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J. Scott Elder

05/06/2021, 2:38 PM
@Amro Tork It is important for a learning engineer to first understand what is modeled and what is not modeled before constructing circuits. Without that knowledge, impractical circuits can be designed, simulated, but fail months after silicon comes back. This is one reason why analog IC design is so hard. But this is also why I don't consider the open PDK to be adequate. Industry standard PDKs include very accurate models that show real world effects like breakdown. And they include model features that mimic breakdowns. Throw error flags if the designer uses them in dangerous ways; like using a 1.8V transistor in a 3V circuit.
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Amro Tork

05/06/2021, 2:44 PM
@J. Scott Elder That falls on me. Unfortunately, I'm full time IC Design consultant and that what we do as a company. I should have given him more time. And at least taken a closer look on which transistor his using. Skywaters work is considered as place for training our future consultants a good area to play and learn for experienced designers like yourself. Unfortunately, I give more attention to revenue generating work.
@J. Scott Elder all foundries provide SOA with the models that would through an error with high voltage.
I was discussing that earlier with @Eslam Morsie to run SOA. But didn't check even if we have it in the model or not.
@Luis Henrique Rodovalho the higher voltage transistors usually reflect thicker gates oxide or different High-K material as you have mentioned. I don't believe in this technology they are using any of the High-K materials.
@J. Scott Elder I actually highlighted that designing using those models would be extremely difficult because it lacks many things earlier before even the first shuttle. But I got a feedback that the main strength behind open source community is that people kind of help each other.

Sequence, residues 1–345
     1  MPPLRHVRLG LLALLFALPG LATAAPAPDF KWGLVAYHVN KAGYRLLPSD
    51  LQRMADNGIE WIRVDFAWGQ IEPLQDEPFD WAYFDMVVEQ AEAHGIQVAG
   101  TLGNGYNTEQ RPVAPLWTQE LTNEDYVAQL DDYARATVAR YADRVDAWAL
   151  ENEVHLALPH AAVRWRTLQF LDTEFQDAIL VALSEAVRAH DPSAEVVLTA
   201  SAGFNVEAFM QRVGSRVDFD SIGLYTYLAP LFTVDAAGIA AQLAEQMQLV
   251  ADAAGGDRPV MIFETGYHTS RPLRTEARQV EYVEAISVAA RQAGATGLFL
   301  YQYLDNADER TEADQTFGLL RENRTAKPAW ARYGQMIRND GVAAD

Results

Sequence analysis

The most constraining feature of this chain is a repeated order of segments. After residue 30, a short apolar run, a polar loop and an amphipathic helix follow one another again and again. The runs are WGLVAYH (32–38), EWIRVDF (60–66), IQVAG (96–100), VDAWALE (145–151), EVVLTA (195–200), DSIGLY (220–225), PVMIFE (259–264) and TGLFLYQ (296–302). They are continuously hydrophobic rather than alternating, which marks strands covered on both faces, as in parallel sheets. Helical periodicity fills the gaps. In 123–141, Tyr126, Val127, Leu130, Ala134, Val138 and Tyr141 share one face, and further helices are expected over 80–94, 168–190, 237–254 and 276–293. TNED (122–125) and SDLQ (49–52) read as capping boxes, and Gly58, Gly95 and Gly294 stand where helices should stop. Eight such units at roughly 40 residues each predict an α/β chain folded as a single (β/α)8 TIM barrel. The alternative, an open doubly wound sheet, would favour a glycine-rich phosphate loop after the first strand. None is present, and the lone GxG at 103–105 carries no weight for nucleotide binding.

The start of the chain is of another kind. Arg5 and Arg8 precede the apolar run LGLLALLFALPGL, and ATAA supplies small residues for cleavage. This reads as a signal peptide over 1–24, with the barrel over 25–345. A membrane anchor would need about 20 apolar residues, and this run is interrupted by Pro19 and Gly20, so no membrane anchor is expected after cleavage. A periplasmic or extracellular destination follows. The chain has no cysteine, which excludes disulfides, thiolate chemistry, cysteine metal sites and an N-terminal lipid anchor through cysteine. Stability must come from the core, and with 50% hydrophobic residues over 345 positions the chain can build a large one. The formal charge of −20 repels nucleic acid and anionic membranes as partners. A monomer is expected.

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J. Scott Elder

05/06/2021, 2:49 PM
I think it would be a great project for a beginning engineer to run iv curves and breakdown stress curves on all the pdk devices. See what is modelled, what is not. Do the results follow textbook expected performance? Even as an expert analog engineer, that is the first thing I do when starting a first design with a new process where I don't have experience.
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Amro Tork

05/06/2021, 2:50 PM
At one point in the previous run, someone helped us with a basic design of VCO over an inductor that we have taped out in the last shuttle. Hoping that we could characterize it and later build some RF circuits later.
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@J. Scott Elder It doesn't
That was my very initial conclusion. And I opened a PR early on the model cards for skywater-pdk release.
That was the first thing and most probably the only thing that I have done myself.